By James Thorneley The spread of betas among investment trusts in the UK Income Growth sector is par...
By James Thorneley
The spread of betas among investment trusts in the UK Income Growth sector is partly due to the capital structure of the individual trusts.
The four trusts with the lowest betas in relation to share price in the sector have split capital structures. After launch shares of split capital trusts are more tightly held than conventional trusts due to the size of geared returns offered by the equity. For instance, the geared ordinary shares of Guinness Flight Extra Income offer a yield of 6.8% while Dunedin Income Growth offers 2.7%.
One of the only conventional trusts with a below average beta is Foreign & Colonial Income Growth. It has a beta of 0.93 compared to the peer group average of 1. Jeremy Tigue, head of investment trusts at Foreign & Colonial, said: "Unlike other conventional trusts in the sector F&C Income Growth has an entirely retail shareholder base. So the share price has been less volatile because we have not experienced institutional shareholders moving in and out of the trust."
F&C Income Growth has also got an above average alpha of 0.71. Between May 1997 and April 2000 the total return of the trust's shares was 37.08% compared to an average return of 33.14%. The second highest total return over three years, behind Temple Bar run by Investec Guinness Flight, was achieved by Dunedin Income Growth. The trust, managed by Edinburgh Fund Managers, advanced by 58.37% and has an annualised monthly alpha over the period of 5.05 while Temple Bar's shares advanced by 65.86% and have an alpha of 5.16. Dunedin Income Growth's beta is slightly above the sector average, standing at 1.07. David McCraw, head of specialist funds at Edinburgh, said: "With 130 holdings the portfolio is relatively concentrated compared to the trust's market cap of £335m. Its tracking error is plus or minus 2% the index return. This compares to the 0.3% tracking error on the Edinburgh UK Tracker investment trust." He added that from a sector point of view, those with index weightings greater than 3% the trust can take 50-200% active weightings relative to the FTSE All-Share. It does not need to have exposure to sectors which constitute less than 3% of the index, according to McCraw. In terms of investment strategy the portfolio has had positions in technology, media and telecom stocks as well as traditional income equity. Until recently the so-called barbell approach has been favoured by the market. This is where managers invest in tech companies to obtain some capital appreciation, and also take advantage of the relatively high yields offered by traditional equities.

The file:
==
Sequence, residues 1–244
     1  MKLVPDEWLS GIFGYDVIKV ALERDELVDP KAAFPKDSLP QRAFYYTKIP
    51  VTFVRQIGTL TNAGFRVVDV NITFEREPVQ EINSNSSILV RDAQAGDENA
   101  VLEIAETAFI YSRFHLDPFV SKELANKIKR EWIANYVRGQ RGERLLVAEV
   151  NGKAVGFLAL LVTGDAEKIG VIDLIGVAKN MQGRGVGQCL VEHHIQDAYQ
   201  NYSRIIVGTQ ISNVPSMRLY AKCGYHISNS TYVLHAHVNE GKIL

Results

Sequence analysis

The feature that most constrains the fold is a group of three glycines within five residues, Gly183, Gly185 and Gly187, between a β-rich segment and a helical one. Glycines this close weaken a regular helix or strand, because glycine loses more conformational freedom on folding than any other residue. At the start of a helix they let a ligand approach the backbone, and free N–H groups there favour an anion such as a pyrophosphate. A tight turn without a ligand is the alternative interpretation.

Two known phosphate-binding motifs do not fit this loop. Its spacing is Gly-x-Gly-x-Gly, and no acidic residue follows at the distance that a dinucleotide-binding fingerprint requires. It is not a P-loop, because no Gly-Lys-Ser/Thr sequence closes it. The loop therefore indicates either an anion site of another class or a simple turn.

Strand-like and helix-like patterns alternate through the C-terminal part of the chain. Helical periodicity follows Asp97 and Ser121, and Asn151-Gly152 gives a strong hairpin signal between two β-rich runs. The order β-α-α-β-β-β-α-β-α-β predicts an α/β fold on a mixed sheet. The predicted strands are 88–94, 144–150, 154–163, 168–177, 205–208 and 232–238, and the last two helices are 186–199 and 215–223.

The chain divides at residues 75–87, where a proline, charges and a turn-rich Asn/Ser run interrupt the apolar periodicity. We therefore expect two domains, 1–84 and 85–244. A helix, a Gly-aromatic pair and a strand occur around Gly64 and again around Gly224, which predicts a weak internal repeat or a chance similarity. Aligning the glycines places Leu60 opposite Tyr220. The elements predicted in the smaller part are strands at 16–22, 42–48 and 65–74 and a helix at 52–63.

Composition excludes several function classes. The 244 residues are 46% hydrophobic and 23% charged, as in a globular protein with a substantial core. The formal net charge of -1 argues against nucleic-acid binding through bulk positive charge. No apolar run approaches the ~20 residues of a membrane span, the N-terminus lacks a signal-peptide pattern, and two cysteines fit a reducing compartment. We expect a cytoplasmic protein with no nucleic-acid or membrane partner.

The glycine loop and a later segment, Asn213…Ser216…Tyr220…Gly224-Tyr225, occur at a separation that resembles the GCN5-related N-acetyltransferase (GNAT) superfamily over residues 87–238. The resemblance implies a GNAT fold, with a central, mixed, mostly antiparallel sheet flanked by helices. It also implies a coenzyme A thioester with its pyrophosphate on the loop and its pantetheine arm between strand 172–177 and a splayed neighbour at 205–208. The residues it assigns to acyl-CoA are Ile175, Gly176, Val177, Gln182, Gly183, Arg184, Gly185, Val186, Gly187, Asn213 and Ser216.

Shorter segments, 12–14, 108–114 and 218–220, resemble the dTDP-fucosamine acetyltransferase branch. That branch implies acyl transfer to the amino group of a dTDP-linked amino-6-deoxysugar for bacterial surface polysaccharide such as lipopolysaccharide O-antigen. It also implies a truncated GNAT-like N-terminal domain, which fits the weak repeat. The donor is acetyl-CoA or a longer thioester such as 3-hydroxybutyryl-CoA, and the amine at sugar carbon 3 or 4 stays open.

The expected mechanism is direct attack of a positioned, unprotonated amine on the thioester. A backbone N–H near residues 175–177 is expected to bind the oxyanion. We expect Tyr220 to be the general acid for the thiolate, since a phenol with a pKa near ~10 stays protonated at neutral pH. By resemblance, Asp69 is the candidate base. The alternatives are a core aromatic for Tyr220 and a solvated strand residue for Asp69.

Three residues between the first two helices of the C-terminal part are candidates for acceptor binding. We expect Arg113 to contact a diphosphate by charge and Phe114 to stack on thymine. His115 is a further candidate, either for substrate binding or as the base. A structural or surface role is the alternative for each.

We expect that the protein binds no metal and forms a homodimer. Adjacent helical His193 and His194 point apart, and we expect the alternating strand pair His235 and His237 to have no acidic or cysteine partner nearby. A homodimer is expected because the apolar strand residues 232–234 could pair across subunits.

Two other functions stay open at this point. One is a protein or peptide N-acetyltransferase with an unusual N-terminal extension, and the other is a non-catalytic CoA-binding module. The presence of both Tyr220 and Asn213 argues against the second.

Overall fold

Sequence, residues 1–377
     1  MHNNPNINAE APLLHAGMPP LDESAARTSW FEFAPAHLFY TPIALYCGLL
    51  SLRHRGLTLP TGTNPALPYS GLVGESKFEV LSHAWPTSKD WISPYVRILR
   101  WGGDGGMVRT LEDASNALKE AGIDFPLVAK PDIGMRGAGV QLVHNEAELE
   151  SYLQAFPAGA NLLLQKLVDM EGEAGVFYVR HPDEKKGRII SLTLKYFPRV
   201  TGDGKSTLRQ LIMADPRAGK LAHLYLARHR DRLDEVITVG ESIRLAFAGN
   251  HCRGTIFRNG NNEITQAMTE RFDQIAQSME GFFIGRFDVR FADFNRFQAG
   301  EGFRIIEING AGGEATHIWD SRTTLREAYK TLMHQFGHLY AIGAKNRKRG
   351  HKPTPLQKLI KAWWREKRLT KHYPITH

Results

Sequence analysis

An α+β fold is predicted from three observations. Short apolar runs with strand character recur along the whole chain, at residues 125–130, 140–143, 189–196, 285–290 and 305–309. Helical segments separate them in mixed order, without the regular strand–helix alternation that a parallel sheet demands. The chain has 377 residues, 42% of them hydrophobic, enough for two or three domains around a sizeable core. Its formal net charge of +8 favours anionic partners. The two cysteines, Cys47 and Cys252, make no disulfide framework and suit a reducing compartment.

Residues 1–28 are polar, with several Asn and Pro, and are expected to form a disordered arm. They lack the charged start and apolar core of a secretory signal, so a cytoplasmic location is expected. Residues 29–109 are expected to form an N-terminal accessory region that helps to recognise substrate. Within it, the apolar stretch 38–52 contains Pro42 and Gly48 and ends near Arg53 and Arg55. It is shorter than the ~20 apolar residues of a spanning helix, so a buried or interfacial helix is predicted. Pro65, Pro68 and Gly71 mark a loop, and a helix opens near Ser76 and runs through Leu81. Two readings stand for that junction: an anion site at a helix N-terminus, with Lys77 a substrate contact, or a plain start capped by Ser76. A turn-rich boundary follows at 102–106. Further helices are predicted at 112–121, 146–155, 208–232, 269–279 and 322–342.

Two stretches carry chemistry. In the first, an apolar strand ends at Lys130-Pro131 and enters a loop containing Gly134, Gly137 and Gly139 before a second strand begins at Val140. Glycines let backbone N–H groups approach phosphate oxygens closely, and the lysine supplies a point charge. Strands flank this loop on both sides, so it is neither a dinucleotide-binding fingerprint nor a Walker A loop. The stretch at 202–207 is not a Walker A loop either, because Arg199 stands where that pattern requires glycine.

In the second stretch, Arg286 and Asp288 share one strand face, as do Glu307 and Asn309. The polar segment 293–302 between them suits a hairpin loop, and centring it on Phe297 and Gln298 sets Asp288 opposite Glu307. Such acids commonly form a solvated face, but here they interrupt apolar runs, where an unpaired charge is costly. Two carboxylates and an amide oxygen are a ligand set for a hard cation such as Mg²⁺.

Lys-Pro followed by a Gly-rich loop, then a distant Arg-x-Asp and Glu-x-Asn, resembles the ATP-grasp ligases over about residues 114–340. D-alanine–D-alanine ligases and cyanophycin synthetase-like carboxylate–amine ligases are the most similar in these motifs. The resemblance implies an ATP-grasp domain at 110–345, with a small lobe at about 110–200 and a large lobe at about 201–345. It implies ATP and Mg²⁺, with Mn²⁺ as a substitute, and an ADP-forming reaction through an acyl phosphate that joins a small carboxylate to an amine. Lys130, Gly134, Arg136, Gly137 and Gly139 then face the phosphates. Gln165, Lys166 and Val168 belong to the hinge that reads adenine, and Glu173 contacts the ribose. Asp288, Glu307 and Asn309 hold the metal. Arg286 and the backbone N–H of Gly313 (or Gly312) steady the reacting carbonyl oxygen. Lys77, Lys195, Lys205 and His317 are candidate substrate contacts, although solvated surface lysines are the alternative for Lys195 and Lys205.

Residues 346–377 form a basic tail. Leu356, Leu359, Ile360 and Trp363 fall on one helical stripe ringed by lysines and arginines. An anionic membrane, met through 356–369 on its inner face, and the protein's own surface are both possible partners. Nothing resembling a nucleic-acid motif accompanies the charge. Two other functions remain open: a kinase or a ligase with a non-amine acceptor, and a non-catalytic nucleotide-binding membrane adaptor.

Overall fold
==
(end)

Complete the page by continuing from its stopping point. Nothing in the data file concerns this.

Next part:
One trust which has not taken the barbell approach to managing its portfolio is Perpetual Income Growth. It has one of the highest betas in the sector, 1.26 times, but one of the lowest alphas. Usually a high beta is compensated by a relatively high alpha, but in the past 18 months the shares of the trust have been de-coupled from the rest of the market. Between May 1997 and April 1998 the trust outperformed the sector average in share price terms. The shares advanced by 41.29% compared to an average rise of 34.2%.
Neil Woodford, a UK Equity Income manager at Perpetual, said: "The high beta on the trust's shares is a general reflection of the fact that equity income funds have been out of favour."
Woodford prefers to look at risk in absolute rather than in relative terms. He gives the example of Vodafone which has a 10% weighting within the index. He said: "I could be as relatively risk averse if I invest 10% of the portfolio in Vodafone because that would provide me with a neutral weighting. But if I believe the stock is overvalued by 40% the absolute risk of investing would be high."
He added that the group looked at risk on a stock specific basis and whether a company's equity was priced on a realistic valuation. In addition the group maintains diversified portfolio of over 100 holdings. One advantage of the value approach is that the shares of Perpetual Income Growth can offer a much higher yield than the shares of other conventional trusts in the sector. For instance the shares of GT Income Growth offer a yield of 2.6% while the Perpetual shares offer a yield of 4%.
Another trust which has a value oriented investment approach is Schroder Income Growth trust, its shares yield 3.9%. The trust is managed by Ian McVeigh and has a 11.6% weighting in telecom and media stocks compared to a FTSE All Share weighting of 29.3%. Like the Perpetual trust the Schroder's trust has suffered from being underweight tech stocks.
Between May 1998 to April 1999 the shares fell by 6.15% compared to an average rise in the sector of 4.69%. During the following 12 month period the shares again declined, by 8.51%, while the sector only fell by 5.04%.
Both City of London, managed by Henderson Investors and Securities Trust of Scotland, managed by Martin Currie, have near average betas and near average alphas.
The similarity in the two trusts is reflected in the total return produced by each trusts' shares over three years. Between May 1997 to April 2000 City of London returned 33.87% and Securities Trust of Scotland returned 30.36%.
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